Table 1 Tolvaptan challenge—response of plasma sodium concentration to tolvaptan therapy

When normonatremia was established, bortezomib was given on cycle 2 day 8, concurrent with tolvaptan when the serum sodium was then 134 mmol/L. Daily tolvaptan was continued, and the rest of the cycle proceeded without further episodes of hyponatremia (Fig. 1). The pancytopenia recovered fully and lenalidomide was commenced at a dose of 25 mg once daily as planned with cycle 3. The patient proceeded with bortezomib, lenalidomide, dexamethasone (RVD) along with tolvaptan, without hyponatremia. Tolvaptan was gradually tapered in the following months, owing to the distressing symptom of excessive thirst and stable normonatremia. Initially tolvaptan was tapered to alternate dosing of 7.5 mg once daily, 3 weeks after first being commenced. Seven weeks later, it was tapered to 3.75 mg, every 4 days. Five months after the initial episode, tolvaptan was discontinued entirely. The patient remains in remission nearly 24 months after starting RVD, which she still receives, without hyponatremia.

Discussion

Bortezomib is a highly effective anti-MM agent. Hyponatremia due to SIADH is a known adverse effect of bortezomib, having been demonstrated in clinical trials [3, 4]. Our patient presented with severe symptomatic hyponatremia due to bortezomib-induced SIADH. Given the aggressive MM relapse, it was essential to reverse the hyponatremia and continue therapy with bortezomib. This prompted the use of tolvaptan to block the antidiuretic effects of the SIADH. This allowed the safe reversal of hyponatremia, symptomatic improvement and ultimately the continuation of effective RVD chemotherapy, without the redevelopment of severe symptomatic hyponatremia. In most cases of bortezomib-induced SIADH in the literature, hyponatremia has led to discontinuation of the bortezomib. In the only previously reported case where tolvaptan was used to treat SIADH during to bortezomib treatment, to the best of our knowledge, bortezomib therapy was not restarted at the time of reporting [5]. Of note, although lenalidomide-based anti-MM therapy may lead to hyponatremia [6], the introduction of lenalidomide to our patients’ regimen did not lead to fluctuations in the plasma sodium concentration.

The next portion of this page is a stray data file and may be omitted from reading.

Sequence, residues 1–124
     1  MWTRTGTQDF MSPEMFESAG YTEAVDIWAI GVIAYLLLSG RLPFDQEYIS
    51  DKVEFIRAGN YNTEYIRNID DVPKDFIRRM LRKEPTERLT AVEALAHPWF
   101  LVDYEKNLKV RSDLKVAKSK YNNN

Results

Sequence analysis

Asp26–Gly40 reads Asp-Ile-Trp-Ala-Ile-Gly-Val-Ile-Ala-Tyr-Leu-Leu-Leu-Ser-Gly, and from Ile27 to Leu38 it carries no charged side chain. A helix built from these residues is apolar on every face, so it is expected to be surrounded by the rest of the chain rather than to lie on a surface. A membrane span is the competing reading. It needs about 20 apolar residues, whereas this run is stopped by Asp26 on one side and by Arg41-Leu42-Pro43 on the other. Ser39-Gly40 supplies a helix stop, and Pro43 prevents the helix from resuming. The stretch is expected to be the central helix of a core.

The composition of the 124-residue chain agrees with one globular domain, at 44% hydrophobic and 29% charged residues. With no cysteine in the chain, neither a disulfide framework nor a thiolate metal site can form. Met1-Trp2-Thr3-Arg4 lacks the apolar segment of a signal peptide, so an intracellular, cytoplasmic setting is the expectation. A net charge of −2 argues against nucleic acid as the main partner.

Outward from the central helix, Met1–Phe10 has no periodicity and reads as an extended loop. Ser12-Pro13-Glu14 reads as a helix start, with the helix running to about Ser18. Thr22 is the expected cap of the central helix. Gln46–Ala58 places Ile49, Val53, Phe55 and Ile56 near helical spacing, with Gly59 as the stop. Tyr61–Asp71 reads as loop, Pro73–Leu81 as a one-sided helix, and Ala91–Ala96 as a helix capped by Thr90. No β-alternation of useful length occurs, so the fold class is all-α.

The mechanism underlying bortezomib-induced SIADH is not fully understood but may mirrror the mechanisms the are implicated in the development of SIADH encountered with other commonly employed anti-cancer drugs such as cisplatin, cyclophosphamide, melphalan, vincristine and vinblastine [7]. For example, vincristine may cause SIADH by a direct toxic effect on the neurohypophysis and hypothalamic system, which alters the normal osmoreceptor control of ADH secretion [8] whereas high dose IV cyclophosphamide may cause SIADH by increasing ADH release and potentiating the effect of ADH [9]. Tolvaptan is a specific V2 receptor antagonist, which competitively inhibits vasopressin binding to the V2 receptors in the collecting tubules of the kidney. This allows an increase in free water clearance in SIADH, leading to a steady increase in the plasma sodium concentration [10].

The safety and efficacy of tolvaptan in the treatment of hyponatremia due to SIADH in cancer has been well documented, both in case series and in the setting of a double-blind, randomized, placebo-controlled clinical trial [11]. Its effects can last for up to 24 h, hence its initial daily dosing schedule [12]. In our case, tolvaptan was tapered because of the patient’s stable normonatremia on daily dosing for 3 weeks and the persistent discomforting symptoms of thirst. Given that the sodium remained normal for some weeks on alternate day dosing, it was tapered after approximately 2 months to 3.75 mg orally every 4 days and eventually discontinued, 5 months after the initial episode of hyponatremia.

Ideally, tolvaptan should be continued until the underlying disease is treated or and hyponatremia is no longer a clinical problem [13]. Whilst there are no clear guidelines on how tolvaptan should be discontinued [14], in the US, clinicians are required to limit its use to no more than 30 days due to the potential for liver toxicity with chronic use [12]. In cases of chronic hyponatraemia however, longer periods of therapy may be indicated on a case by case basis.

In conclusion, our case highlights the potential role of tolvaptan in the treatment of Bortezomib-induced SIADH in MM and importantly, provides a template for how effective RVD therapy can be delivered in this setting.

Abbreviations

ASCT:

autologous stem cell transplant

Cy:

cyclophosphamide

CyBorD:

cyclophosphamide, Bortezomib and dexamethasone

D:

dexamethasone